Nigel Farage has faced a backlash after suggesting Angela Merkel is to blame for the suspected terrorist attack on a Christmas market in Berlin. The attack on Monday evening (19 December) saw a truck plough into a crowd at the busy market at Kaiser Wilhelm Memorial Church, killing 12 people and injuring 48 others.

Farage tweeted on Tuesday morning: "Terrible news from Berlin but no surprise. Events like these will be the Merkel legacy."

Nigel Farage
Former UKIP leader Nigel Farage said Angela Merkel 'needs to take responsibility' for the attack in Berlin Christopher Furlong/ Getty Images

The former Ukip leader was quickly criticised by social media users, who accused him of using the attack to score political points against the German Chancellor.

Brendan Cox, husband of murdered Labour MP Jo Cox, also attacked Farage's comments, tweeting: "Blaming politicians for the actions of extremists? That's a slippery slope Nigel."

A Twitter user wrote: "This post shows the type of human you are. Using this as point scoring against Merkel, disgusting."

Another said: "This gives no comfort at all to those involved. Now is not the time to gain political or career advantage."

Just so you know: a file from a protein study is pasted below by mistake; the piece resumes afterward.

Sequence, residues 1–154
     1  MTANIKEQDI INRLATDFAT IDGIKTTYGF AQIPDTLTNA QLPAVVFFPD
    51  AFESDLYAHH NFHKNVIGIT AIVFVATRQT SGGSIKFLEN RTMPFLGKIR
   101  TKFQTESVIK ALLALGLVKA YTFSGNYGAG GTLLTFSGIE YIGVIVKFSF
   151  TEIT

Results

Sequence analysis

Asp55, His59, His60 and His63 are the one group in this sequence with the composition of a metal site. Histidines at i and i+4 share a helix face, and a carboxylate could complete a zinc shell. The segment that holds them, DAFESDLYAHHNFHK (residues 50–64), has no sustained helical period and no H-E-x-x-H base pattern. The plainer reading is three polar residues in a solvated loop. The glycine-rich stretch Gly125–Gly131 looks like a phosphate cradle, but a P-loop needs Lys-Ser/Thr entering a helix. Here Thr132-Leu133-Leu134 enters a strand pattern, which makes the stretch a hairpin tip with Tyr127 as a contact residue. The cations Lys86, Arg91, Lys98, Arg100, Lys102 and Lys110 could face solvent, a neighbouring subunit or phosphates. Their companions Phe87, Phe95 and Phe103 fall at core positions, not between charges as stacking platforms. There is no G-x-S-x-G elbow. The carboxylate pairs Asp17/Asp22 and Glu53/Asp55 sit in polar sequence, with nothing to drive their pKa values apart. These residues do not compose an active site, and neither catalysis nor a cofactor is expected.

But others defended Farage, blaming the attack on Merkel's open-door immigration policy towards refugees during the Syria crisis which saw more than a million migrants enter Germany last year.

Farage later took to LBC to say it was "time that people started to take responsibility for what has happened." He also attacked Cox for supporting the well-known anti-extremist charity Hope not Hate, saying: "Well, he would know more about extremists than me, wouldn't he?"

Hope not Hate has regularly attacked Ukip and accused it of being a "hardline" right-wing organisation.

Farage's comments come as the suspected terrorist accused of carrying out the attack in Berlin was named as "Naved B", a 23-year-old from Pakistan who is said to have entered Germany last year.

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Nigel Farage poses in front of a controversial anti-migrant poster during the campaign for Britain to leave the EU Getty